MIAMI (CBSMiami/AP) – While the campaigns of both President Barack Obama and Mitt Romney try to come up with ways to court the Hispanic vote, they’re learning that there is no one size fits all approach to the nation’s fastest-growing minority group.

In Miami, Colombia native Luna Lopez probably will vote for President Obama now that he’s decided to halt the deportation of many illegal immigrants brought to the United States as children.

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In Arizona, Mexican immigrant Carlos Gomez backs Republican Mitt Romney because he’s more conservative on social issues than his Democratic opponent.

In New Mexico, Tomasita Maestas says she will pick the presidential candidate who has the best plan to fix education and the economy.

Immigration policy would seem to be the natural top issue for these voters, except that nearly two-thirds of Hispanics are born in the U.S. Their priorities are the same as the general population — jobs, the economy, education and health care.

“We need to see more jobs here, that’s my No. 1 priority and what I want to hear about,” says Stefan Gonzalez, an almost 18-year-old from Denver. Gonzalez, who works in a suburban Denver pawn shop, says he plans to vote for Obama this fall.

In Albuquerque, Ernest Gurule, an 84-year-old whose ancestors settled New Mexico in 1580, says his main issue is the federal health care plan upheld by the Supreme Court last week, and that he’ll back Obama in part because of it. Also, the Democrat, adds: “It’s too expensive to change horses midstream.”

In the short term, these voters could decide the outcome in Florida, Nevada, Colorado, New Mexico and elsewhere. The long-term stakes are even bigger because Hispanics are projected to account for roughly 30 percent of the population by 2050, doubling in size and, potentially changing the national political landscape.

Like most minorities, Hispanics traditionally have leaned Democratic. But a recent Pew Research poll indicates that Hispanics also are the fastest-growing group of independent voters, with 46 percent now shunning a party label compared with 31 percent six years ago. Such results only underscore how diverse Hispanics are and the challenges for the political parties.

“It is going to be a very hard fight to win,” says Jennifer Korn, the executive director of the Republican-based Hispanic Leadership Network, which was established to help bring more Hispanic voters to the GOP. “The more they assimilate, the more sophisticated they become and that’s when they start dividing between parties.”

For now at least, Obama and his Democrats have an advantage, with the latest polls showing 65 percent of Hispanics back Obama and 25 percent back Romney.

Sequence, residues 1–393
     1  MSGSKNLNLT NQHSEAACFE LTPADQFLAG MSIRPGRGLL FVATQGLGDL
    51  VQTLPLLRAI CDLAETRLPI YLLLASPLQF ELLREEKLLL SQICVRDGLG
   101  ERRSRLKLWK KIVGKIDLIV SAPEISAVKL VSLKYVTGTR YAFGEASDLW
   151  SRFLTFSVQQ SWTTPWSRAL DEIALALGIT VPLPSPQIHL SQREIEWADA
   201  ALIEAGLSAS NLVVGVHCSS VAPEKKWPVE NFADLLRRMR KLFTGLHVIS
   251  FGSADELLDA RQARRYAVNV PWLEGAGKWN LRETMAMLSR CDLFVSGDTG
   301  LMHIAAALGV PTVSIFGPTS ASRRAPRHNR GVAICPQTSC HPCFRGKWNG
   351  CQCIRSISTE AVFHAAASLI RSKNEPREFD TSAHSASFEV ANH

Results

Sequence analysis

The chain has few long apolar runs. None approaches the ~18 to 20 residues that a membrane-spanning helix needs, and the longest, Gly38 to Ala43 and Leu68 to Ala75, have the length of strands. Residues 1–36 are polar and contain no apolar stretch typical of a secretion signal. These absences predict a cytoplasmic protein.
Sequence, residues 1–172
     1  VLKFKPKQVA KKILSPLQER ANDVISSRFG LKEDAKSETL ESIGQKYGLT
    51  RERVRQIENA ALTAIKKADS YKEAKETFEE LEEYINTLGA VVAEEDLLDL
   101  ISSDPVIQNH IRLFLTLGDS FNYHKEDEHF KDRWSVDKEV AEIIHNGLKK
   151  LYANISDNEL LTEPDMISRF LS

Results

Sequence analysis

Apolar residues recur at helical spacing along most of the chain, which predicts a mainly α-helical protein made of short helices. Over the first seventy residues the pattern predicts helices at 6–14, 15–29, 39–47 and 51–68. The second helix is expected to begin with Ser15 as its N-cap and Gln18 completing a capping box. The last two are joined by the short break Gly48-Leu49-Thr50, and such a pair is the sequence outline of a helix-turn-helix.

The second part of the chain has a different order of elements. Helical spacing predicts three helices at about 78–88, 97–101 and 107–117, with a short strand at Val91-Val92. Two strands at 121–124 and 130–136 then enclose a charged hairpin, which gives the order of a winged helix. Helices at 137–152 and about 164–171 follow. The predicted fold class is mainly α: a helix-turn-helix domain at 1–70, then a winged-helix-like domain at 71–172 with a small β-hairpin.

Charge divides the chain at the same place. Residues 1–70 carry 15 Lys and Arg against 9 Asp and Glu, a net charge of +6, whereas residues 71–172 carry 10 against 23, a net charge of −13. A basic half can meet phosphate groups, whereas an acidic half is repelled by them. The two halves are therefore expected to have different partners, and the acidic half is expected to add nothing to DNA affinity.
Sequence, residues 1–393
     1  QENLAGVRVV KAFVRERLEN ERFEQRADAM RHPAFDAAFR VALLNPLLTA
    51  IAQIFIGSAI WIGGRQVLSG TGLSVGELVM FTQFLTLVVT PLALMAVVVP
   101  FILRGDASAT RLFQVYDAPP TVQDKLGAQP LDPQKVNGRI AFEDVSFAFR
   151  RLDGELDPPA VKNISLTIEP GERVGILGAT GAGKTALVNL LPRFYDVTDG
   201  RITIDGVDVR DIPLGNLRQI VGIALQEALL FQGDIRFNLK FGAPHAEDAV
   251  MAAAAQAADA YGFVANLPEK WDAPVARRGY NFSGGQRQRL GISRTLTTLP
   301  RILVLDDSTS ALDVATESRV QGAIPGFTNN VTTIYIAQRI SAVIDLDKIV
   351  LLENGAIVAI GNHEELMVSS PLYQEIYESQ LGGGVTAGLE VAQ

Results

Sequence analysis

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The Democrats’ campaign has worked to keep that edge, helped by Obama’s new immigration policy and the Supreme Court’s decision to side with the administration on most of an Arizona law that many immigrants viewed as overly harsh.

His campaign has spent the past year setting up offices with grassroots outreach to Hispanic communities in the Southwest, as well as in important states such as Ohio, North Carolina, Pennsylvania and Florida.

Mindful of the diversity among Hispanics, Obama has custom-tailored his outreach, including tweaking Spanish dialect for different regions.

For instance, in Florida the campaign has two distinct outreach plans. One focuses on Cuban-Americans in Miami who tend to lean Republican and are less concerned about immigration; the other speaks to traditionally Democratic Puerto Ricans, who are U.S. citizens from birth, as well as new immigrants from Central America.

Obama also has promoted the new health law, which can resonate in states such as New Mexico, which has one of the highest rates of uninsured in the country.

Romney has plenty of ground to make up after a bruising primary season filled with tough rhetoric that even Republicans acknowledge turned off many Hispanics. He recently established a Hispanic advisory group that includes top elected Republican Hispanics.

During the primaries, the former Massachusetts governor pledged to veto legislation, known as the DREAM Act, that would give a path to citizenship to young immigrants who came to the United States illegally as children but have since attended school or served in the military. He has since toned down his anti-immigration stance, which included self-deportation, telling a Hispanic leadership gathering in Miami that he would address illegal immigration “in a civil but resolute manner.”

Alexandra Franceschi, a spokeswoman for the Republican National Committee’s Hispanic effort, made clear that the GOP outreach will focus broadly on the economy.

“Hispanics are Americans and are facing the same issues as everyone else, chronically high unemployment, lower pay and rising health care costs,” she said.

Republicans have noted that under Obama, the Hispanic unemployment rate is higher than the national average. And Hispanics’ median household income fell 7 percent between 2000 and 2010, from $43,100 to $40,000, according to the Pew Hispanic Center.

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